French Olympic Swimmer and Holocaust Survivor
Alfred Nakache was born in Constantine (French Algiers) in 1915. One of ten children, he grew up in a traditional Jewish home. By 1931 he was already the Swimming Champion of North Africa and was one of the pioneers of the butterfly stroke. Nakache continued to excel, and competed in French swimming championships in Paris during the 1930s. He was a member of France’s swim team at the 1936 Olympic Games in Berlin, where he attained fourth place in the 4x200m freestyle event. From 1936 onwards, Nakache won the French 100m freestyle six times, the 200m freestyle four times, the 200m breaststroke four times, and an assortment of other French swimming titles, many of them setting national records.
When the Germans invaded France, Alfred, together with his wife Paule, escaped to Toulouse in Vichy-France, where they opened a sports studio. In 1941, Nakache set the world 200m breaststroke record (2:36.8). However, from 1943, as a Jewish swimmer he was barred from entering further swimming races. Alfred Nakache and his family tried to escape with other Jews to Spain from Toulouse via the Pyrenees, but fearing that their toddler daughter's crying would endanger the others, the Nakaches turned back to Toulouse.
In November 1943, Alfred Nakache and his family were denounced in Toulouse, arrested and detained in St. Michel prison. On 26 December 1943, the Nakaches were taken from Toulouse to Drancy, where they spent their last month together. In January 1944, the Nakaches were deported on convoy 66 from Drancy to Auschwitz, where out of the 1153 deportees, 291 people were selected for forced labor. The rest of the deportees were gassed immediately upon arrival, among them Alfred's wife and daughter. Unaware of his family's fate, Alfred was sent to work in the labor camp Auschwitz III-Monowitz and survived.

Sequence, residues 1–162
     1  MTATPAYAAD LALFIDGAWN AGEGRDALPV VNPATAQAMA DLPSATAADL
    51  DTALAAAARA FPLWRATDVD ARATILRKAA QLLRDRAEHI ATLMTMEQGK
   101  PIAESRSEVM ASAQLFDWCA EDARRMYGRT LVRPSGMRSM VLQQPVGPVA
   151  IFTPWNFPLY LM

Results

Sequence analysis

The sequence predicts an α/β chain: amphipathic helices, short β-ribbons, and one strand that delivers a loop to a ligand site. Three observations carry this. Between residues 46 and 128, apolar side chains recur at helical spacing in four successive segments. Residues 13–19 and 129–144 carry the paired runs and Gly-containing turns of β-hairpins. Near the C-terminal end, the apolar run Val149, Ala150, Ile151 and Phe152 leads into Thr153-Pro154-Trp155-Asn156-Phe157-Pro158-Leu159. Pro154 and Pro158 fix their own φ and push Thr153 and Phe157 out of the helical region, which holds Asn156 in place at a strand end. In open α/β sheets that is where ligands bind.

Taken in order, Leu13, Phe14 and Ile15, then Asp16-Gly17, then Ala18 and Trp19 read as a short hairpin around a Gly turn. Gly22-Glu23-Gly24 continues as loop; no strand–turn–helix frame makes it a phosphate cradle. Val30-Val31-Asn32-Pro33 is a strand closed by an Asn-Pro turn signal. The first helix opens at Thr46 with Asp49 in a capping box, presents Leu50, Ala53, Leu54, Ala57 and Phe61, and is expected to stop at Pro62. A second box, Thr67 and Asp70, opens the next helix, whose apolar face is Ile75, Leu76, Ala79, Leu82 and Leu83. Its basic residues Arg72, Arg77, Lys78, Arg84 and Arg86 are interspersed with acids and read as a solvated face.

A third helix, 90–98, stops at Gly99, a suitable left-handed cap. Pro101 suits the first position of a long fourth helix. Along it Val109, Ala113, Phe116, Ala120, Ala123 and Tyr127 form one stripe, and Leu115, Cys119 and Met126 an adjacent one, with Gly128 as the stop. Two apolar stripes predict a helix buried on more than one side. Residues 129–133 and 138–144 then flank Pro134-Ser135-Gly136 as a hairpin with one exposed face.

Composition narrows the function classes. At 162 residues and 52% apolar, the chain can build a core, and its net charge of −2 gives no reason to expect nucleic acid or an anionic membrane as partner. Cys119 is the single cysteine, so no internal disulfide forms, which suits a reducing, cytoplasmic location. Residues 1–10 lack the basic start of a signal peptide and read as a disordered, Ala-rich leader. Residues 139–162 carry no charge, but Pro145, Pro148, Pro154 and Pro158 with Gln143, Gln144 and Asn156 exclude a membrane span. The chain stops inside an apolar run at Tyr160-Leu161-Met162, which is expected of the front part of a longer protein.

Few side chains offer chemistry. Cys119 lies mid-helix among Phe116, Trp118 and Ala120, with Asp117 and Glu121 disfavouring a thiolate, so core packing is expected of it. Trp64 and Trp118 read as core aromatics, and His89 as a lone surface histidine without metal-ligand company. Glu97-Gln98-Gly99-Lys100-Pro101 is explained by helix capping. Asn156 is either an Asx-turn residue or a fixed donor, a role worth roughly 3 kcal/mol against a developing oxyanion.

Alfred Nakache was sent on a death march from Auschwitz in the harsh winter of 1945, and was eventually liberated at Buchenwald. After the war, he returned to Toulouse, where he learned that his wife Paule and daughter Annie had been murdered at Auschwitz. The Pages of Testimony in their memory were submitted to Yad Vashem by Paule's sister, Lorne Gilbert.
After the war's end, Alfred Nakache recuperated and returned to swimming. He went on to set the 3x100m relay world record in 1946, less than a year after his liberation from Buchenwald, and swam in the first postwar Summer Olympics in 1948 in London. In 1983, Alfred Nakache died of a heart attack during a training session.